On July 24th, 2012 Megaphone vendor Kris Cronk threw out the ceremonial first pitch at the Vancouver Canadians game at Nat Bailey Stadium.
Kris got to throw out the pitch because he won a contest for Megaphone vendors that asked them to submit their best sales pitches. Kris’ pitch, “Megaphone: often imitated, never duplicated” was voted by other vendors as the best. Below, Kris describes the day and what it meant to have the opportunity to get back into the game.
As I approached Nat Bailey Stadium I could feel the excitement build with every step. I had never been to such a nostalgic sports venue before. Affectionately known as “the Nat”, the stadium was built in 1951, originally named Capilano Stadium after a local brewery. It was renamed Nat Bailey Stadium in 1978 after Nat Bailey (Da!), a man who loved baseball so much that he spent his life promoting the game everywhere he went.
As the crowd mulled outside the stadium, I noticed a familiar face, Pastor Drew. He heard I had won the contest and wanted to support and encourage me. He was a welcome sight. When the doors opened I was directed to customer service where I was informed that there would be four people throwing ceremonial pitches today, including two small boys, which took the pressure off a little.
The day before the game I did an interview for the Metro newspaper and mentioned that it would be “icing on the cake” if I could get a ball signed by the Canadians players that I could give to a child as I left the field. When I was handed the ball I would throw, I asked the girl at the counter if it would be possible to get the ball signed by the team. She began to tell me how difficult that would be, but before she could finish a young man stepped up and introduced himself as Andrew. He said he had read my request and taken the liberty to get every player’s signature on a special ball.
I was at a loss for words as Andrew presented the ball to me. When the moment approached, we were escorted to the field and as the four of us stood against the fence I felt my anxiety diminish subtly. I bent over to the smaller of the boys and wished him luck, and then we marched to the mound. As each pitch was successfully thrown over the plate I felt more relaxed.
I topped the mound to take my pitch and could barely hear the drone of the announcer introducing me. I took a deep breath, wound up and made my pitch. Having had a few surgeries on my spine, I wasn’t positive I could get the ball to the plate, but it did reach the plate. Success.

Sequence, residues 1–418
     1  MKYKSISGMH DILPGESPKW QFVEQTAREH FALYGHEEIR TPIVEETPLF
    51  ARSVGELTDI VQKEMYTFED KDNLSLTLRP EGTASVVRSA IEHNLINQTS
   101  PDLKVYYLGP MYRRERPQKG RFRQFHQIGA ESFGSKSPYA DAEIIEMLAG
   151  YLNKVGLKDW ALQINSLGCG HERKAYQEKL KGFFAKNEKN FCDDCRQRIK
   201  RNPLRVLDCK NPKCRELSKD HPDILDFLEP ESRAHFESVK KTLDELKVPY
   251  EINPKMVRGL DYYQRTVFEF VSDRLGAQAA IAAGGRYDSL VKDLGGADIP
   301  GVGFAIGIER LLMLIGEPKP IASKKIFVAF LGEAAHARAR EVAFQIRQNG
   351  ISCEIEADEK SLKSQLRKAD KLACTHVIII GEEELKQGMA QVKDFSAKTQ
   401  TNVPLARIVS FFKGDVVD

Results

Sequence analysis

As I was leaving the field, I saw a small boy sitting with his dad, who for some reason looked a little sad. I approached him and pulled out the ball Andrew had gotten signed for me and said, “Young man, I had this ball signed by the entire Canadians team and I want you to have it.”
His eyes widened and jaw dropped. He looked at his dad, then back to me and thanked me. His face had changed from when I first saw him. He had the widest grin on his face and was laughing out loud. He was back in the game.
The funny thing is that when I gave that boy his new outlook on the game, I realized that winning the contest had brought me “back in the game”. Not only on this special day at the ballpark, but ever since I started selling Megaphone, I have felt part of my community where I sell.
I looked around the ballpark and saw four of my customers in attendance. As each of them congratulated me, I felt equal to them. There were no class differences. No longer them and me, but us—just a group of people watching the game.
I want to thank the Vancouver Canadians and everyone who made this day possible at “the Nat”. A special thanks to Andrew, for helping a small boy get back in the game, which in turn brought me back in the game. Thanks to all the people on my corner who support me daily with their kindness, including the Canadians’ 50/50 girl who I see daily, everyone at Megaphone and my fellow vendors.
And finally I need to thank baseball for once again showing me the way.
(Kris sells Megaphone at Dunsmuir and Seymour.)
Photos by Justin Langille.
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